Salamanca, New York - On Friday, November 14th, at 7:00PM EST, the Fifteenth Annual Native American Music Awards (N.A.M.A.) will be streamed live on the home page of First Nations Experience, or FNX-TV at FNX-TV will also be broadcasting the awards show at 8PM EST on their nationwide channel on Thanksgiving Day.

Trials and tribulations can either break a person into becoming a desperate disheartened soul or forge a person into a positive healing light for others.  Tony Redhouse is the latter, he rose not only to embrace his mixed heritage, but also to overcome his addiction to drugs and alcohol and now uses those positive changes in his life to help others who are challenged with their own life trials.

Tony is of Navajo and Filipino origin and feels that being born of a Navajo Indian father and Filipino mother has given him an advantage in life; both bloodlines come from strength and endurance.  

The Gathering of Nations PowWow is a two-day and night experience where people, both Indian and non-Indian, can come and, for a short while, enter into a world where dance and song can enlighten the mind and fill the heart with happiness.

Held annually at the University of New Mexico "The Pit" in Albuquerque, The Gathering of Nations PowWow starts off Saturday evening with the Grand Entry during which a young Native American Woman will be crowned Miss Indian World.  She will represent all of Native America and Indigenous people as a cultural goodwill ambassador.

Most of the time living in America is a blessed thing, however, sometimes, gems such as Canadian Country artist, Shane Yellowbird, get discovered by us in the lower 48 a little bit later.

"What A Beautiful Concept" is the song that made my ears perk up not only to the richness of Yellowbird's voice, but also to his down to earth very relateable lyrics.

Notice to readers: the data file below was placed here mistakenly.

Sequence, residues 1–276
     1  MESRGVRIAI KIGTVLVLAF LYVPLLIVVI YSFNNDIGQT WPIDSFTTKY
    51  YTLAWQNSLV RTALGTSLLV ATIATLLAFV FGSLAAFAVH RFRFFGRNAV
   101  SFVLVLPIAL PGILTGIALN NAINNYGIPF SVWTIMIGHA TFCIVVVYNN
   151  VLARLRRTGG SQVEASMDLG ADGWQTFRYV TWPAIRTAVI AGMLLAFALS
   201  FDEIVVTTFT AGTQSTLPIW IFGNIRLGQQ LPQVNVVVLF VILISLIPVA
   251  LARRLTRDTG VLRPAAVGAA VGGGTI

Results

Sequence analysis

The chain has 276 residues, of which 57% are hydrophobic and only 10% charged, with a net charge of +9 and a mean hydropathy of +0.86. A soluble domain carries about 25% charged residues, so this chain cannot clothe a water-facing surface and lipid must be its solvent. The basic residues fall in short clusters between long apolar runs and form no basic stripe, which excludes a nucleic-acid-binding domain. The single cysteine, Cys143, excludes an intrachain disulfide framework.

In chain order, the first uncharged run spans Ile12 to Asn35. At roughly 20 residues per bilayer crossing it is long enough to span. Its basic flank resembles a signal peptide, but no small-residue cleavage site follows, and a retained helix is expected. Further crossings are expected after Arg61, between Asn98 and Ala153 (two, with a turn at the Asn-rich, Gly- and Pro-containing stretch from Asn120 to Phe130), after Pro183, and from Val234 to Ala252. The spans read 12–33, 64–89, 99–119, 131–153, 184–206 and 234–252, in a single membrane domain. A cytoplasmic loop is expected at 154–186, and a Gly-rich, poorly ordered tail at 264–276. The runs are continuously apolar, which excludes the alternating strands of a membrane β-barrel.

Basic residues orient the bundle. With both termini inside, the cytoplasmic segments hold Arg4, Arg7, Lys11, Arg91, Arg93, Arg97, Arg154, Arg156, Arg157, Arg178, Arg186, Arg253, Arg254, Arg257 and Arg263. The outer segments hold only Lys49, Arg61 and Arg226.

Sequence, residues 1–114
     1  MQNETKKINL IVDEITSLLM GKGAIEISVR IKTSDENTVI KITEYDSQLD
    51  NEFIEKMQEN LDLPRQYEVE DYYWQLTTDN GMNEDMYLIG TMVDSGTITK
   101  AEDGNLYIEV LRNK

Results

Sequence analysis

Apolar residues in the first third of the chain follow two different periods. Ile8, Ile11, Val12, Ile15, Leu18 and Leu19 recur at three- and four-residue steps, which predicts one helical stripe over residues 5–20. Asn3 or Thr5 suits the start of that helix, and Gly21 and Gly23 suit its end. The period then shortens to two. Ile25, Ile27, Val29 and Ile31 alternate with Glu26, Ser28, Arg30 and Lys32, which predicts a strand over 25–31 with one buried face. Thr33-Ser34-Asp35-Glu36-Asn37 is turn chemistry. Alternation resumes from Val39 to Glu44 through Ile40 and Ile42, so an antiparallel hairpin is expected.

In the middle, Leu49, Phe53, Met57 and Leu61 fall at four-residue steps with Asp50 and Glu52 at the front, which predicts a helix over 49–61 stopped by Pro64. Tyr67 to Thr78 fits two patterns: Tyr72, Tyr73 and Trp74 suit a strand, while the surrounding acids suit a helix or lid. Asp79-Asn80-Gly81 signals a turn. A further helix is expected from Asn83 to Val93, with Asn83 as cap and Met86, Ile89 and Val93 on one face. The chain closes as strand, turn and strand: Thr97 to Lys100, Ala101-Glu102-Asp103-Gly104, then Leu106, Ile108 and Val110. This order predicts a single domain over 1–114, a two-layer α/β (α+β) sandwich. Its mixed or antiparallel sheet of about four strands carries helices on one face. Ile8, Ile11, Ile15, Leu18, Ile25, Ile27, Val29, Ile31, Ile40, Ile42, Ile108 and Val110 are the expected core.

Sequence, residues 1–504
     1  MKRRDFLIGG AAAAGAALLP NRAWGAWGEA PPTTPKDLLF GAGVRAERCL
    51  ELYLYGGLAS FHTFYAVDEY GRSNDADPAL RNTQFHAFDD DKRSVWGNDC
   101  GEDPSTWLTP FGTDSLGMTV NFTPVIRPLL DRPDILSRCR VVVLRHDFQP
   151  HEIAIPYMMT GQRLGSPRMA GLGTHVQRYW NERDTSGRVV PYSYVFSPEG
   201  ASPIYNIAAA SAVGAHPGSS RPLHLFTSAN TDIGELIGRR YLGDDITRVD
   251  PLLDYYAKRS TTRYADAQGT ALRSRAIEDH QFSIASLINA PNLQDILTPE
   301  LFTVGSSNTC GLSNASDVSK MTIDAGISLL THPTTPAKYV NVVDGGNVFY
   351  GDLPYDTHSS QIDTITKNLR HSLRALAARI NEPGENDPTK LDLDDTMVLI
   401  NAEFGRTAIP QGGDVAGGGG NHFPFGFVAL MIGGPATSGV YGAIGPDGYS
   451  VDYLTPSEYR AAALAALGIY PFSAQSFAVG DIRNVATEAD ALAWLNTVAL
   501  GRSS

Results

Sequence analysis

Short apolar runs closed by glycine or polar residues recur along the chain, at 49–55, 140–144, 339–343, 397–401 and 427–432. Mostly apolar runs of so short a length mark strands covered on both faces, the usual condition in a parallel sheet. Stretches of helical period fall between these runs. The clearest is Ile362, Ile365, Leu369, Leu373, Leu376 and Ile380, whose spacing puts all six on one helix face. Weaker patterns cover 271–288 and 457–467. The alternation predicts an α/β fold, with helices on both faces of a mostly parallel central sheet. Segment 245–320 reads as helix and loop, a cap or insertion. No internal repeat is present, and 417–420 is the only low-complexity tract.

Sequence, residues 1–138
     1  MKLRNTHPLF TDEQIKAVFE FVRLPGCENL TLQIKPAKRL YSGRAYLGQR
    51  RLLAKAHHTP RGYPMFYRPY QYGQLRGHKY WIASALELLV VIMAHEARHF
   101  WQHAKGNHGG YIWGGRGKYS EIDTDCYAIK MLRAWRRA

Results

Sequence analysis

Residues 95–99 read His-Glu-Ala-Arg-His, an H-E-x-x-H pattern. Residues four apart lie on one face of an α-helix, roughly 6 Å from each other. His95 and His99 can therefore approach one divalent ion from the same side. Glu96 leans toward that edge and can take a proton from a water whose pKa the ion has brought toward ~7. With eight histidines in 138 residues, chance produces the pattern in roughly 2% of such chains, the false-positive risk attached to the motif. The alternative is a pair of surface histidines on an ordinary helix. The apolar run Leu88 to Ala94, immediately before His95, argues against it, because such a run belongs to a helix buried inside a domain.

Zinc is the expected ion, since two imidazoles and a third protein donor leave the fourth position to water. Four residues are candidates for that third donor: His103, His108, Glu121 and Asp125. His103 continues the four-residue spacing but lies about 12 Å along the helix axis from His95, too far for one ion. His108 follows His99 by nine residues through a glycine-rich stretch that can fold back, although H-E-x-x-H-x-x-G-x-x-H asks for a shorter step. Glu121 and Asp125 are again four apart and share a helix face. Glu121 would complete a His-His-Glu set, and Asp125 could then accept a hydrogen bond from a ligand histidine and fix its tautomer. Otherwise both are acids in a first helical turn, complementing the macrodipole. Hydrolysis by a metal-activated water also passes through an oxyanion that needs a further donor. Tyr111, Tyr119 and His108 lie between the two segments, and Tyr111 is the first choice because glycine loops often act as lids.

Big City Indians, formed in 1997, mixes contemporary roots music, rock, pop and folk with Native American sound which they describe as "Native Indian Power Groove".

The Band's unique emotional energetic mixture of a touch of rock´n roll, of roots, fusion, blues and solid songwriting attracted the attention of the Music Industry resulting in the receipt of Native American Music Awards - "Best Native Heart" recording in 2010 for the Band's album "Tribal Vision" and in 2011 for the solo release "The Call Of The Canyons".  They were also recognized with the Silver Arrow Award for outstanding contribution to the Native American Music Industry in 2010, 2011, 2012 and 2013. And they were awarded Group of the Year at the 14th Annual Native American Music Awards May 10th, 2013.

While listening to "Hostiles & Renegades" my fingers begin typing, my feet tapping and my head bobbing to the beat. As my ears tune in to his music, I notice that even though Gary Small's guitar mastery is reminiscent of Carlos Santana, his music is uniquely his own. There are definite undertones of his Northern Cheyenne heritage flowing through the beats and guitar licks.

Small was raised on the reservation in the beautiful hillsides of Montana and Wyoming playing in the rolling green meadows as a child.

Jana Mashonee, Lumbee and Tuscarora, has been nominated by the Native American Music Awards for Artist of the Year, Best Pop Recording, and Song/Single of the Year for "Stay With Me Baby" (2012).

Jana -- a singer, songwriter, actress, author and philanthropist originally from Robeson County, North Carolina, found initial success with chart-topping club hits like "More Than LIfe" and her creative rendition of Led Zeppelin's "Stairway to Heaven"

The Native American Music Awards (N.A.M.A.) began in 1998 as a grass roots initiative among music industry professionals and record labels to not only prove that there was a viable and professional mainstream  industry, but also to give Native Youth on reservations the needed inspiration and opportunities to pursue a professional career and garner greater exposure.

Members from those record labels (Canyon, SOAR, Silverwave, Machoche', Turtle Island, Sweetgrass, Sunshine and others); their artists, various communities and tribal radio stations and media personnel served as N.A.M.A's first Advisory Board membership.